Not since the City Fair and the large ethnic festivals left downtown Baltimore has there been such an abundance of different activities as we see right now.
Baseball's All-Star Game has grown into All-Star Week, which runs until Tuesday evening. You don't need a ticket to the ballgame to enjoy a lot of baseball-related activities, many of them free. And you don't need to be a baseball fan at all to enjoy several classical and popular music concerts at the Inner Harbor.
If you are a rabid baseball fan, the place to be is the Convention Center, site of All-Star FanFest. All of its halls and hallways have been turned into a giant carnival tribute to the national pastime. It's a baseball theme park, gallery of reminiscences, museum of baseball lore and supermarket of souvenirs that is impossible to catalog.
There are games and tests of baseball skills for kids of all ages. They can pose in baseball uniforms for their own baseball cards. Manufacturers of baseball equipment show how it's done. And there are enough baseball cards, hats, shirts and esoterica for sale to strain the wallet of the most indulgent parent.
Those of a certain age will relish a model of Mel Allen, with a voice to match, commenting on their pitching prowess. Others will line up for free autographs of famous major league old-timers. (Earl Weaver and Tippy Martinez were outdrawing John Lowenstein and Milt Pappas the other day.) Demonstrations of bat-making and ball-stitching attract the technical-minded. History buffs will be reminded Baltimore was the champion in 1894, 1895 and 1896. Those who venture into the far reaches of the adjoining Festival Hall will find a picture-history of players in the black baseball leagues of the Twenties and Thirties, including a teen-ager named Leroy Campanella who got his start with the Baltimore Elite Giants. There's even a Fifties-vintage Baltimore Transit Co. bus of the type that hauled the black ballplayers to their games, in obvious contrast to the facilities available for white players in those days.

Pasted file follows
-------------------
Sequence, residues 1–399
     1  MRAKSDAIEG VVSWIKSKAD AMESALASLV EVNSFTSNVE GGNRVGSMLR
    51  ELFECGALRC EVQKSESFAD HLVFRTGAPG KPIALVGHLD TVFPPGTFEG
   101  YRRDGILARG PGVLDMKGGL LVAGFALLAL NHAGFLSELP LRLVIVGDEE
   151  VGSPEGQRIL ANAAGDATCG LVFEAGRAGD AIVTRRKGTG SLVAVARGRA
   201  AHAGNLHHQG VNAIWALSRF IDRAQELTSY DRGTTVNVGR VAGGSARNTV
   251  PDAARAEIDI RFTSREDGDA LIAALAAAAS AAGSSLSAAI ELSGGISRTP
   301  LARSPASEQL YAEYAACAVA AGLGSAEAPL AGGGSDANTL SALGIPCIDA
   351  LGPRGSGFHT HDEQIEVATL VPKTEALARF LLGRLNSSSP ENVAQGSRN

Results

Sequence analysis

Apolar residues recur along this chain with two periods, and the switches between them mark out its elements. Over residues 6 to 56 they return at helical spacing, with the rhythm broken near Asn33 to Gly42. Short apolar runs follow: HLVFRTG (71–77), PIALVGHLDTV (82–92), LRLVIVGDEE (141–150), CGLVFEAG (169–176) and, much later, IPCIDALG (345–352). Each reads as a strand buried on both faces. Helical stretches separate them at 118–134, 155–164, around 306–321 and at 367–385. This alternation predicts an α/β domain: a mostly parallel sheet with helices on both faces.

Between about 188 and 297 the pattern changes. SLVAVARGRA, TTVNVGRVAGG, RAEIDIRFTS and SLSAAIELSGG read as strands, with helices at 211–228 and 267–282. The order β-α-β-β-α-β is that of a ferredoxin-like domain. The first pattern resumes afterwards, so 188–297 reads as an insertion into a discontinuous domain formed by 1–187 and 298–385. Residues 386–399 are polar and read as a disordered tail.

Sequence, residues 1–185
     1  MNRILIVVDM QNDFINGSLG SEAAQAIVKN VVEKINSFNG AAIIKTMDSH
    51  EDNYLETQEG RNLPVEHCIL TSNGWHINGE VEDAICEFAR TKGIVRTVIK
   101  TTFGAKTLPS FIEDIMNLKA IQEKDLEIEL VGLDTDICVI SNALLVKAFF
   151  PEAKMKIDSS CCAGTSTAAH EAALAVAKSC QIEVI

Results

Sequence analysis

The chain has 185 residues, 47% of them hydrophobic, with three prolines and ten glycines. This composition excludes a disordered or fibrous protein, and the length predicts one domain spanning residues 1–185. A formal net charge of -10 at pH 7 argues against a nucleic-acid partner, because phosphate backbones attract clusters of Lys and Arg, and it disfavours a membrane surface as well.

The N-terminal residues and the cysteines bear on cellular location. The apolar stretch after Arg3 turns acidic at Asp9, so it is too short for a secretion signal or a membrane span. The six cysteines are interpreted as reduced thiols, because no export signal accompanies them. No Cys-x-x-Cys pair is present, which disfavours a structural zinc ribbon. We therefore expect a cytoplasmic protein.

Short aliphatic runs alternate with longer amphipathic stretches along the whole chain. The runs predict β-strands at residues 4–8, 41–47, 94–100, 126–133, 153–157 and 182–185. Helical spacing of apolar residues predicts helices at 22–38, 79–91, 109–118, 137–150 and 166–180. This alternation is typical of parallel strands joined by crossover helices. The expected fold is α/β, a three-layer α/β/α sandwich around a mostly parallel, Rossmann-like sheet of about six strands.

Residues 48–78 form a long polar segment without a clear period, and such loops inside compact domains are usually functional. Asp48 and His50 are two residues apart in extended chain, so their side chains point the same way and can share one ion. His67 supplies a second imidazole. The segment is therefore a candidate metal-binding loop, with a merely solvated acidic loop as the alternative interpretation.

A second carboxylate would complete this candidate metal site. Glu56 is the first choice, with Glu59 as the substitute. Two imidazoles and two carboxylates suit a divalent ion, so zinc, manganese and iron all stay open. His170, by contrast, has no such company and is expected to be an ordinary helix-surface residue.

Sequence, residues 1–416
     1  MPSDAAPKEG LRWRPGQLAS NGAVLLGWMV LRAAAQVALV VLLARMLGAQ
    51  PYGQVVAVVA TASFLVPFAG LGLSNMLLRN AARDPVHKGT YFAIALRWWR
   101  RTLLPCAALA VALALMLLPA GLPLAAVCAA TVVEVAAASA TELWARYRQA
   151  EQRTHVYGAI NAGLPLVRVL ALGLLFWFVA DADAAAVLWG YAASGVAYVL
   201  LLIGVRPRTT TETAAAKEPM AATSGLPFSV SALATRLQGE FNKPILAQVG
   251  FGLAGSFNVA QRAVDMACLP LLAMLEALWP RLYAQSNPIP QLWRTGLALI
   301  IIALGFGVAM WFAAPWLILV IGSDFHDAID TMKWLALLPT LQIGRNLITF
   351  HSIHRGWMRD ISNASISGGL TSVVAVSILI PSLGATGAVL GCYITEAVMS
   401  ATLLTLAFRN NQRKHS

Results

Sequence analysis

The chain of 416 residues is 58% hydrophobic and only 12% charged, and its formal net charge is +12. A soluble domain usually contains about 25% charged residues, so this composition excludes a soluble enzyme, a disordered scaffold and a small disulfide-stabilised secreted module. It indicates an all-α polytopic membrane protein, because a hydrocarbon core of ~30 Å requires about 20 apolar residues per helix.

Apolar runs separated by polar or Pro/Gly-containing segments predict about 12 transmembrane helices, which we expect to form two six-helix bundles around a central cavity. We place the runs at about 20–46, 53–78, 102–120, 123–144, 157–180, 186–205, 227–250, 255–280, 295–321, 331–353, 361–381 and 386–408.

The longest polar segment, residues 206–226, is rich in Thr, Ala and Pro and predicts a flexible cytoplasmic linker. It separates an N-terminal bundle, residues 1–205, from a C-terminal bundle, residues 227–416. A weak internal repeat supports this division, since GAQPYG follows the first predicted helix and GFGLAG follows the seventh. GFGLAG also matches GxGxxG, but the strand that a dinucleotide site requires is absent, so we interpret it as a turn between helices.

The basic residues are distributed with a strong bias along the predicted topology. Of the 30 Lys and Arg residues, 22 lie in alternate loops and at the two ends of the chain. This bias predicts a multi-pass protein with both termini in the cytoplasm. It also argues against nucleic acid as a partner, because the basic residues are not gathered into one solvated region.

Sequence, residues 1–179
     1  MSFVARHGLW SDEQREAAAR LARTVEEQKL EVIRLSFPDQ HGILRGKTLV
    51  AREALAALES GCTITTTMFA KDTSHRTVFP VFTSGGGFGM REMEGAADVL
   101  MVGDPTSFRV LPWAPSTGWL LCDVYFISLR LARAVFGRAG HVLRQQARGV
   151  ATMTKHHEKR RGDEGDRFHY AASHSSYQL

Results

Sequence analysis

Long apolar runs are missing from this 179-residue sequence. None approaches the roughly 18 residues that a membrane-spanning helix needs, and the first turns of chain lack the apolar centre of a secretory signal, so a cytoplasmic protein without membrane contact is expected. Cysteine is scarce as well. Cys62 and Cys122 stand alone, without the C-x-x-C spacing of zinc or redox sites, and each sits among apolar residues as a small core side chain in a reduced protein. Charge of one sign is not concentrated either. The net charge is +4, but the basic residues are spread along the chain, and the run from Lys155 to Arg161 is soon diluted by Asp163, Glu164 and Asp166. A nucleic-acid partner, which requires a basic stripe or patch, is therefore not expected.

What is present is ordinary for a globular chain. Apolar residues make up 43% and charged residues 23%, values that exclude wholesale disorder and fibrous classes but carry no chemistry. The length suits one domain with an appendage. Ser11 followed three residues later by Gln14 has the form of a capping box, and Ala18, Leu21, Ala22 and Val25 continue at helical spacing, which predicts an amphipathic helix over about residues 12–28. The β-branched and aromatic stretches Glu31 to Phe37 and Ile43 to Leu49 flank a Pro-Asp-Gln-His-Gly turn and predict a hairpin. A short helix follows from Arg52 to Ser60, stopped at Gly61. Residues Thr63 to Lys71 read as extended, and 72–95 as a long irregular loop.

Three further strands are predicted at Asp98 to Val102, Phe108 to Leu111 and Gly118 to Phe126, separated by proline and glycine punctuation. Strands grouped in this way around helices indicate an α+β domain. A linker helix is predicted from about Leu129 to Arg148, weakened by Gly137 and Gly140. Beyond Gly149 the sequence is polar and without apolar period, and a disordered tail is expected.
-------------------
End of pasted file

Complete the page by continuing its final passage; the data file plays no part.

Outside there's a lot more entertainment that's free. The Baltimore Symphony Orchestra at Rash Field tonight (bring a donation of non-perishable food). Pop and jazz music tomorrow and Monday evenings at the Inner Harbor amphitheater. All-Star StreetFest brings some of the hoopla inside the Convention Center to the street outside Oriole Park at Camden Yards.
There are other events in addition to the big game Tuesday that are long sold out. But even for those who won't be at the ballpark Tuesday night the game has turned out to be more of a festival than they could have expected. And it is an opportunity for the Baltimore metropolitan area to show itself off to thousands of visitors from across the country and to millions of others on television.